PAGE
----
Asked for paper and a pen at my dad’s house on Good Friday to do simple exercise from a course I am taking. He steps into his home office and comes out with a black hard cover bound writing book.
As he hands me this bound book it’s vintage is immediately apparent. The pages have begun to yellow and the binging at the seam is starting tear at the edges.
Something about this book feels inherently intellectual. It feels as if great thought has went it. And I know instantly it is perfect for my task.
Opening the cover I notice the pages are jaggedly cut out from the front of the book but there are still many pages in tact. The sheets are lined. This book was made to be written on.
And this is the moment I realize how special this book is.
Written on the inside cover near the left side is a signature “R. Lovejoy” followed by a date “Oct/72”.
Before I was born, this book belonged to one of my great uncles, either Ronald Lovejoy or Raymond Lovejoy. Both very special men who were very unique and both loved very much by my grandmother Betty.
My Great Uncle Ray Lovejoy worked as a machinist. He was always puttering around designing and building something. Ray had a big smile and a very warm heart, something he passed into his children and grandchildren.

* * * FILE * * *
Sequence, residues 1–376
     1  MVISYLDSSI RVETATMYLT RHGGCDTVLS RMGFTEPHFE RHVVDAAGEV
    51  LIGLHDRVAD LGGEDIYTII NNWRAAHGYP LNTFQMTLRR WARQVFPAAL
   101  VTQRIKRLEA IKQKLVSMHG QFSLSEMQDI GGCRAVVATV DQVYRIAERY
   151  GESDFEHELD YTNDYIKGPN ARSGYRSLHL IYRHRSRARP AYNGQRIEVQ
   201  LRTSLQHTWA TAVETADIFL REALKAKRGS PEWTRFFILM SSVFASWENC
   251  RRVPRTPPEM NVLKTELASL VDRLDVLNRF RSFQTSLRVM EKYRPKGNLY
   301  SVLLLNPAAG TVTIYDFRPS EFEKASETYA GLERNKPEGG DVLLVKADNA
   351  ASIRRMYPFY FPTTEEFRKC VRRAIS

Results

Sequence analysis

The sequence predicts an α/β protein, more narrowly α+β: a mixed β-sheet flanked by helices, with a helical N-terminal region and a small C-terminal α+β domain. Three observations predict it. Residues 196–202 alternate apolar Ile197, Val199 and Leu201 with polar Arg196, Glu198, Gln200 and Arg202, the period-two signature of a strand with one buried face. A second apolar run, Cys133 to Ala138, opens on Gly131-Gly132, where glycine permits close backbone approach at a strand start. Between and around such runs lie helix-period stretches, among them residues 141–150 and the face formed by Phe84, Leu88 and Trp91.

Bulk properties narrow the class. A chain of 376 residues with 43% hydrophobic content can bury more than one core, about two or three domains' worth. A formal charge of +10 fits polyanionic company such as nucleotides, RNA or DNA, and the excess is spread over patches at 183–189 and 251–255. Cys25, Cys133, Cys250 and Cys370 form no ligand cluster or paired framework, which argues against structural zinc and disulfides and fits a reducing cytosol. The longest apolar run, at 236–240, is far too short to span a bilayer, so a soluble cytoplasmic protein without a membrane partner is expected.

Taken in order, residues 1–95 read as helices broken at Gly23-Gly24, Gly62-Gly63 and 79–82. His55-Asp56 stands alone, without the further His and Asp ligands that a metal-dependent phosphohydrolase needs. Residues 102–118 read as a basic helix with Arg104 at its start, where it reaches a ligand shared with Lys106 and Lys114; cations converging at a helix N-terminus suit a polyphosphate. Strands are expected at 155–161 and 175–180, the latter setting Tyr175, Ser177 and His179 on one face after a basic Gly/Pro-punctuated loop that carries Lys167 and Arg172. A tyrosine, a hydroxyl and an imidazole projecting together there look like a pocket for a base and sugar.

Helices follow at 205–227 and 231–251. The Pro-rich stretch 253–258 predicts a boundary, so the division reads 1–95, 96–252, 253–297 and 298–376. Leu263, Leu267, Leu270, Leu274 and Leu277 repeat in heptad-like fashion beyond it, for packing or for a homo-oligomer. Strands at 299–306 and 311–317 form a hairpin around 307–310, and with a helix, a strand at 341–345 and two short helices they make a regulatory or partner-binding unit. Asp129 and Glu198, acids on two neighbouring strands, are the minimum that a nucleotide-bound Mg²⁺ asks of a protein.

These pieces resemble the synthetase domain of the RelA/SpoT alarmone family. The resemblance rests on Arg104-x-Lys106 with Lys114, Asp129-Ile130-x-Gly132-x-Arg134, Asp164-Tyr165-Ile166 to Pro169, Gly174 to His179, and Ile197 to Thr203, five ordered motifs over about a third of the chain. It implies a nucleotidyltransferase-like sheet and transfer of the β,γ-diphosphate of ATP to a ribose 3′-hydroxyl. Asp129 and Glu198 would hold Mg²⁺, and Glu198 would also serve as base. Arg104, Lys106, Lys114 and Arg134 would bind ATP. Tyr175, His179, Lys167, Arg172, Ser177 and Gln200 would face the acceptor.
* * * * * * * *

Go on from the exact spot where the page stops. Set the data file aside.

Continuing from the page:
I imagine if the book were Ray’s he would’ve used it to write out calculations or draw up designs.
My Great Uncle Ron Lovejoy was also a special soul with a big smile and a twinkle in his eye. He was a minister in a Liberal Catholic Church in Hamilton. He didn’t let his position stop him from building and creating. He had a special soul and was known to welcome everyone into his life with warmth and compassion. There was something peaceful about being near Ron and amazingly I feel the same when in the presence of his son and daughter.
As we spent a lot of time with Ron and His wife Thelma at their cottage in Long Point, I can almost see him drawing up plans for something he was building, or even a song to play with his mouth organ around the bonfire.
My father offered to let me keep the book and it lead me to wonder how it came into his possession. He can’t recall how he received, whether given directly or if it came from my grandmothers belongings.
Either way, I feel that this book was made to plan and organize my thoughts. It’s a perfect tool and I feel tremendously blessed to have it.
I wrote in this blog post how I wanted to participate in #52Ancestors for 52 weeks but didn’t feel I’d have time. In that post, I also challenged myself to write about 12 ancestors in 12 months. I’m sure I’ll write about more as the mood strikes, but for this year, let’s write about 12.